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Marijuana Legalization ‘Inevitable’ In Connecticut, Incoming House Speaker Says



A Connecticut lawmaker who will soon assume the top leadership position in the state House of Representatives said on Tuesday that marijuana legalization is “inevitable,” especially as surrounding jurisdictions move to enact the policy change.

During a briefing, House Speaker-designate Matt Ritter (D) was asked about plans to promote economic recovery amid the coronavirus pandemic and then specifically whether legalizing cannabis to generate tax revenue would be part of the plan.

“Look, I don’t want to get into a policy discussion. We have a caucus we have to have,” he said, referring to pending agenda-setting discussions with colleagues. “But marijuana has been a long time—I’ve said I believe it’s inevitable at some point, especially when your neighboring states are doing it.”

He added that “we don’t have revenues yet so it’s really hard to say where we’re going to be.”

Watch the speaker-designate discuss marijuana legalization, starting around 17:25 into the video below:

While Ritter stopped short of committing to a timeline to pass legalization legislation, the remarks bode well for the prospects of reform in 2021.

The incoming House leader acknowledged that neighboring states are pursuing the marijuana policy change, adding pressure to pass similar legislation. There’s been ongoing talks about the need to coordinate legalization plans regionally—and those talks have been amplified since New Jersey voters approved a legalization referendum last week.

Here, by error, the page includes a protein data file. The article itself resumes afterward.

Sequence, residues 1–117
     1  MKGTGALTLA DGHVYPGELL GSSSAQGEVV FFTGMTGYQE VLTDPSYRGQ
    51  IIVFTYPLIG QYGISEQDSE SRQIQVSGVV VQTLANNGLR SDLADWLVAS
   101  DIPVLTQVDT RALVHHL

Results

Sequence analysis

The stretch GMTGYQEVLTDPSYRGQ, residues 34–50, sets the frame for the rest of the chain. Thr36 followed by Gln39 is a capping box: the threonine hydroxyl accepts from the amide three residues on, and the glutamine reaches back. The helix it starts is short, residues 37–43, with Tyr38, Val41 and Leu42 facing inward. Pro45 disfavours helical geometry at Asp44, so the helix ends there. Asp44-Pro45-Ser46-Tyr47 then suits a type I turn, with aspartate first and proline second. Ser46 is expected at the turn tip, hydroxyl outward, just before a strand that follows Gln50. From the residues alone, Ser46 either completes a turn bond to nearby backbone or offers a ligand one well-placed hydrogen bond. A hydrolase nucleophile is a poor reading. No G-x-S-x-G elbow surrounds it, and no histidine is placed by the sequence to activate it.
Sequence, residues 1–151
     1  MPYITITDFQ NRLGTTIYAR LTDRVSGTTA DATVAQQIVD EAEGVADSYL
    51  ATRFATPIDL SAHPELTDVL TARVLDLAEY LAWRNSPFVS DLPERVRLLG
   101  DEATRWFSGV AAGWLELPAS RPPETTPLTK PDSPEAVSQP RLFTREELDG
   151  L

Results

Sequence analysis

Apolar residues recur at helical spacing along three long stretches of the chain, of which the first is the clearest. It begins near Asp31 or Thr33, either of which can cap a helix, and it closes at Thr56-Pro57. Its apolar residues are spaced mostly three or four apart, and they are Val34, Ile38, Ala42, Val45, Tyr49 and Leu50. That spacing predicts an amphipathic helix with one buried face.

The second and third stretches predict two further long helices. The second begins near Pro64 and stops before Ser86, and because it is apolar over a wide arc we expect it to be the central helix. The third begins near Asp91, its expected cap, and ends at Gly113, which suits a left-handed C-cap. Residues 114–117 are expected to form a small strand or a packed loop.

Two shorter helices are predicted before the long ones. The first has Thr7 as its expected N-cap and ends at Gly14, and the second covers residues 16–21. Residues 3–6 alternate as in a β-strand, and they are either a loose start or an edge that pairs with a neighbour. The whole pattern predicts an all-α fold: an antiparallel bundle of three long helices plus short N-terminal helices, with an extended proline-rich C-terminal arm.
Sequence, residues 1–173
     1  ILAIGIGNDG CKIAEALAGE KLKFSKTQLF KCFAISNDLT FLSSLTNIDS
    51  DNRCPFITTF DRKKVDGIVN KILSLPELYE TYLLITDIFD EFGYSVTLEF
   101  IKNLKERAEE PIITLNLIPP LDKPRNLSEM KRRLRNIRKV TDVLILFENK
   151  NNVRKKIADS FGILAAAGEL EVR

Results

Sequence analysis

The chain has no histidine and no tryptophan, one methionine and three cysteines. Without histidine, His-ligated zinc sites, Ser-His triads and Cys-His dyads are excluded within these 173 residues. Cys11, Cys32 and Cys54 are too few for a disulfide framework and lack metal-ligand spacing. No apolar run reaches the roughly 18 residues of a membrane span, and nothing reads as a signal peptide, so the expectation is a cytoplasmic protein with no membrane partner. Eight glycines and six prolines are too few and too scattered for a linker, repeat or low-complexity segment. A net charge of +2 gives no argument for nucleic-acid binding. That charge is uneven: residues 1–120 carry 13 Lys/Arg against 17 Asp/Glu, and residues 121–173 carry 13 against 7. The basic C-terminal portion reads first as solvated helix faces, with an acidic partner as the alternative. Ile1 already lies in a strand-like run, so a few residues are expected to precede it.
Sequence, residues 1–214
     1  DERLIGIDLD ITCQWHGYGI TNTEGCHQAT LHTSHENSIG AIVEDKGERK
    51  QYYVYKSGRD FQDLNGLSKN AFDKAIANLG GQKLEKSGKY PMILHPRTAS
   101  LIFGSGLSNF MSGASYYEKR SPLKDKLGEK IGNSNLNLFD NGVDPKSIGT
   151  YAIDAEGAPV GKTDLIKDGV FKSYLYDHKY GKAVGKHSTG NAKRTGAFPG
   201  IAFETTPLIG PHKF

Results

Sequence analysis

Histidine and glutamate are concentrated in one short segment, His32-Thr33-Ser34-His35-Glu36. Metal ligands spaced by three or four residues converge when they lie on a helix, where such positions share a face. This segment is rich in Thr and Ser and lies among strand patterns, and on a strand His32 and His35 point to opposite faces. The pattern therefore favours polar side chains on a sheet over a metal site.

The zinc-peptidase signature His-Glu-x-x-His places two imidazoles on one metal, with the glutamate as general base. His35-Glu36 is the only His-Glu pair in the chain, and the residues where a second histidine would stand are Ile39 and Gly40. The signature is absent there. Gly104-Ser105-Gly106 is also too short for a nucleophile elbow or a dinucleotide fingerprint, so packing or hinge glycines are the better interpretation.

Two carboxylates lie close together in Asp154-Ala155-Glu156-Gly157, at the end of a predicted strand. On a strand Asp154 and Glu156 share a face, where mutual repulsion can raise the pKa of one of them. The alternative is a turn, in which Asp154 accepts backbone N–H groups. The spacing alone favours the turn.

Gov. Ned Lamont (D) said last week that legalizing marijuana in his state will bolster public health amid the COVID-19 outbreak by preventing cannabis tourism to surrounding states, for example.

He said said officials have “got to think regionally when it comes to how we deal with the pandemic—and I think we have to think regionally when it comes to marijuana as well.”

Lamont and other policymakers in the region similarly said last week that the passage of cannabis legalization in New Jersey underscores the need for their states to advance the reform in a regionally coordinated manner.

Democrats increased their majority in Connecticut’s state legislature in last week’s elections, boosting the chances that cannabis legalization can get done in 2021. The governor said the reform is “on the table” and that it could bring in needed tax revenue.

Meanwhile, the majority leader of the Senate in neighboring Rhode Island said recently that the state should join others that have recently legalized marijuana, and other top lawmakers who have in recent years been reluctant to pursue the issue seem newly open to the idea as a way to boost the economy.

Prior to the pandemic, Lamont and the governors of New Jersey, New York and Pennsylvania met to discuss how best to implement cannabis legalization to promote public safety. Last year, they agreed to a set of principles for regulated marijuana markets.

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Photo courtesy of WeedPornDaily.

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